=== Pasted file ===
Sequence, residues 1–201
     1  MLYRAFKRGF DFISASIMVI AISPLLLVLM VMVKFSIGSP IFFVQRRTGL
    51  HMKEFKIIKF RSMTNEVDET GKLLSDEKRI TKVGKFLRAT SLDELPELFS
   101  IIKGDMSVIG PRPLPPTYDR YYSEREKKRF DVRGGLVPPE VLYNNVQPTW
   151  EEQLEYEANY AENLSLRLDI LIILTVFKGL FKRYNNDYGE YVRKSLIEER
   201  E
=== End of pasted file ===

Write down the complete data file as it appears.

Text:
Sequence, residues 1–201
     1  MLYRAFKRGF DFISASIMVI AISPLLLVLM VMVKFSIGSP IFFVQRRTGL
    51  HMKEFKIIKF RSMTNEVDET GKLLSDEKRI TKVGKFLRAT SLDELPELFS
   101  IIKGDMSVIG PRPLPPTYDR YYSEREKKRF DVRGGLVPPE VLYNNVQPTW
   151  EEQLEYEANY AENLSLRLDI LIILTVFKGL FKRYNNDYGE YVRKSLIEER
   201  E